Sotagliflozin - a type of medication known as an SGLT2 inhibitor primarily prescribed for Type 2 diabetes - reduces the risk of adverse cardiovascular events for patients with diabetes and kidney disease.

Diabetes drug boosts survival in patients with type 2 diabetes and COVID-19 pneumonia
Sitagliptin, a drug to lower blood sugar in type 2 diabetes, also improves survival in diabetic patients hospitalized with COVID-19, suggests a multicenter observational study in Italy.

Making sense of diabetes
Throughout her 38-year nursing career, Laurel Despins has progressed from a bedside nurse to a clinical nurse specialist and has worked in medical, surgical and cardiac intensive care units.

Helping teens with type 1 diabetes improve diabetes control with MyDiaText
Adolescence is a difficult period of development, made more complex for those with Type 1 diabetes mellitus (T1DM).

Diabetes-in-a-dish model uncovers new insights into the cause of type 2 diabetes
Researchers have developed a novel 'disease-in-a-dish' model to study the basic molecular factors that lead to the development of type 2 diabetes, uncovering the potential existence of major signaling defects both inside and outside of the classical insulin signaling cascade, and providing new perspectives on the mechanisms behind insulin resistance in type 2 diabetes and possibly opportunities for the development of novel therapeutics for the disease.

Tele-diabetes to manage new-onset diabetes during COVID-19 pandemic
Two new case studies highlight the use of tele-diabetes to manage new-onset type 1 diabetes in an adult and an infant during the COVID-19 pandemic.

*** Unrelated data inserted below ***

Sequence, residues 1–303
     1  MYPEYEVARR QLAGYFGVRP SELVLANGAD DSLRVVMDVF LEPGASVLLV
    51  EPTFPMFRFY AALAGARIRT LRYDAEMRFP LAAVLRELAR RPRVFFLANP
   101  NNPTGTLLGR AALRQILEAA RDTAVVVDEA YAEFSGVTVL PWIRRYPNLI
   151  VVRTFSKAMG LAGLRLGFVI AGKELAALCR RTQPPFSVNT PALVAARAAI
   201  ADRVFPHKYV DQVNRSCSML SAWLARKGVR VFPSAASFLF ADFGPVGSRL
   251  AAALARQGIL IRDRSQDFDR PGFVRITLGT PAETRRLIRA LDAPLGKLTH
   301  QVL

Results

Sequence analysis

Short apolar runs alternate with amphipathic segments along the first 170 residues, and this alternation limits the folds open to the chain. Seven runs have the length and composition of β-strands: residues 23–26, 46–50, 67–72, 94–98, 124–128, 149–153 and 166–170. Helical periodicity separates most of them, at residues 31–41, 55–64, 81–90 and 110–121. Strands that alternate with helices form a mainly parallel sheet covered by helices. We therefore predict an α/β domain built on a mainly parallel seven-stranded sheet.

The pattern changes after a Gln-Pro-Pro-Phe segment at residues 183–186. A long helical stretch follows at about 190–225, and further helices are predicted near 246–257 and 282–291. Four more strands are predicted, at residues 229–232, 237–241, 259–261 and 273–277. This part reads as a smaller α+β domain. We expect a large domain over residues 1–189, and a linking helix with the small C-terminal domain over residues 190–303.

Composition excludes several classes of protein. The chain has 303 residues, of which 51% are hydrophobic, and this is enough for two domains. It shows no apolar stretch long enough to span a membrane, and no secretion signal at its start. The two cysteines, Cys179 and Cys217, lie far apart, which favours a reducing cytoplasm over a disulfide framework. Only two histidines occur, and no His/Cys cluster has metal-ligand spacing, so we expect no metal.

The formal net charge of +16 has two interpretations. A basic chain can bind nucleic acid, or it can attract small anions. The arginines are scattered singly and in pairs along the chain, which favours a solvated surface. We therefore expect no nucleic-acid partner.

Genetic profile may predict type 2 diabetes risk among women with gestational diabetes
Women who go on to develop type 2 diabetes after having gestational, or pregnancy-related, diabetes are more likely to have particular genetic profiles, suggests an analysis by researchers at the National Institutes of Health and other institutions.

Maternal gestational diabetes linked to diabetes in children
Children and youth of mothers who had gestational diabetes during pregnancy are at increased risk of diabetes themselves, according to new research published in CMAJ (Canadian Medical Association Journal).

Two diabetes medications don't slow progression of type 2 diabetes in youth
In youth with impaired glucose tolerance or recent-onset type 2 diabetes, neither initial treatment with long-acting insulin followed by the drug metformin, nor metformin alone preserved the body's ability to make insulin, according to results published online June 25 in Diabetes Care.

People with diabetes visit the dentist less frequently despite link between diabetes, oral health
Adults with diabetes are less likely to visit the dentist than people with prediabetes or without diabetes, finds a new study led by researchers at NYU Rory Meyers College of Nursing and East Carolina University's Brody School of Medicine.

Read More: Diabetes News and Diabetes Current Events
Brightsurf.com is a participant in the Amazon Services LLC Associates Program, an affiliate advertising program designed to provide a means for sites to earn advertising fees by advertising and linking to Amazon.com.